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VERIFY: Police don't need to read 'Miranda rights' before arrest, but do before questioning VERIFY: Police don't need to read 'Miranda rights' before arrest, but do before questioning

Bronze medal Reporter romin Posted 30 Jul 2020
VERIFY: Police don't need to read 'Miranda rights' before arrest, but do before questioning

Amid protests in New York, a female protester was arrested by plain-clothed police officers. People asked why the officers appeared not to read her Miranda rights.

WASHINGTON — Question:

Are police officers required to read the Miranda rights to a suspect during an arrest? 


No. A police officer must read someone's Miranda rights before beginning questioning of a suspect. However, a police officer does not need to read these rights before an arrest. 


Patrick Barone, Barone Defense Firm

Vida Johnson, Georgetown Law Center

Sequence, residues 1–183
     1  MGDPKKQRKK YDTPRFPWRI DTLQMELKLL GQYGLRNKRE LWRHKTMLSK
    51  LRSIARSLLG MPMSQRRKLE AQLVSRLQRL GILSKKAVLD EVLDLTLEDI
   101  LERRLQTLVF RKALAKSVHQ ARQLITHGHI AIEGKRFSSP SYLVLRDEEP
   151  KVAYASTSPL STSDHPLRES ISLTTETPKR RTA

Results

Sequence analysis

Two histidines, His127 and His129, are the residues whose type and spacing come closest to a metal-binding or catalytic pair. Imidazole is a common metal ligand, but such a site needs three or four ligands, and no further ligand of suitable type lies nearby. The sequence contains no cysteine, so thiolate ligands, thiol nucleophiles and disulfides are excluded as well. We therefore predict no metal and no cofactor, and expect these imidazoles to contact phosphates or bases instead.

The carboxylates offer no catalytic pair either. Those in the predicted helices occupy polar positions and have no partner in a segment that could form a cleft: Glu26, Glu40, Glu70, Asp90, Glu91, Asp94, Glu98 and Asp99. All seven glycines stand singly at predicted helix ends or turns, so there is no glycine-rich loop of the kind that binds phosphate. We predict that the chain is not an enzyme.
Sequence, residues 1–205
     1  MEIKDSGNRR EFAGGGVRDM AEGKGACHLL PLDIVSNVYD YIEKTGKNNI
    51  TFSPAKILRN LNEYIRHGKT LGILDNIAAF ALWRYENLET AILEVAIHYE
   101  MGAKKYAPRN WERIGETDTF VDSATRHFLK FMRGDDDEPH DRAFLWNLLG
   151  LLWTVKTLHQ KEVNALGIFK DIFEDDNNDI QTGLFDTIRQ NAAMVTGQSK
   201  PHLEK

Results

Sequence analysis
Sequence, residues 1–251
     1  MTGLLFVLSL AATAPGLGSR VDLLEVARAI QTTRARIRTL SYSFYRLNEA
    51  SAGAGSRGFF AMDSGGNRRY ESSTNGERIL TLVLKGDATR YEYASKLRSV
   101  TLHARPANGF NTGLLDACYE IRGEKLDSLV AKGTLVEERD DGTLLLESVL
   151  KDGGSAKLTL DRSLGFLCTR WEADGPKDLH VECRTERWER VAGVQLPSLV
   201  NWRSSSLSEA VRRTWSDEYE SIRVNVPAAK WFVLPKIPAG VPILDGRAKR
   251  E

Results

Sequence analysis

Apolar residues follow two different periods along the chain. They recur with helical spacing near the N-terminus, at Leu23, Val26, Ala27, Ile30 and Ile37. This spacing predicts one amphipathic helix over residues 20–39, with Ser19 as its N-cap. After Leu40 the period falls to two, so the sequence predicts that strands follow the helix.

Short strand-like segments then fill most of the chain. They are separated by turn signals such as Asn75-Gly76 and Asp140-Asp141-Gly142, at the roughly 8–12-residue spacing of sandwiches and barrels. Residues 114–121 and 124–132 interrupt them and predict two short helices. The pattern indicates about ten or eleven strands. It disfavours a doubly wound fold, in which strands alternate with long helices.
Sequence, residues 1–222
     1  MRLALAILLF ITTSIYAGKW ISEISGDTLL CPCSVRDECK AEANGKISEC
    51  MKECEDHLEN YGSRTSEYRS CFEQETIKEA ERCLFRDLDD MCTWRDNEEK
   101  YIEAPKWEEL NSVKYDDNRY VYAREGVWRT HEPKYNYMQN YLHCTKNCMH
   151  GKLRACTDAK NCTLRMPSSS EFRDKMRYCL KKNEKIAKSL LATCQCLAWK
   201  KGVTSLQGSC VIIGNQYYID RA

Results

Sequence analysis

A new viral video out of New York City has generated a lot of questions. It shows members of NYPD's 'Warrant Squad' arresting a female protester, and pulling her into an unmarked van. According to NYPD, the protester was wanted for damaging police cameras. On social media, people have brought up numerous concerns, including whether or not police should have read her the Miranda rights."To learn more about Miranda rights, The Verify team turned to a duo of legal experts. Patrick Barone, from the Barone Defense Firm in Michigan, said that these rights are not exactly as portrayed by the movies. On these shows, an officer often reads out these rights, as they place the cuffs on a suspect. “That’s what we always see on TV," Barone said. "A person gets arrested, and they’re read their Miranda rights.”In reality, though, police do not have this requirement unless they are questioning someone. If an officer fails to read someone their Miranda rights before beginning an interrogation, any answers will be unusable in the courtroom.  “The Miranda rights do not need to be read prior to making an arrest," Barone said. "Nor do they ever have to be read unless the person is going to be questioned.”Vida Johnson, from the Georgetown Law Center, agreed. 

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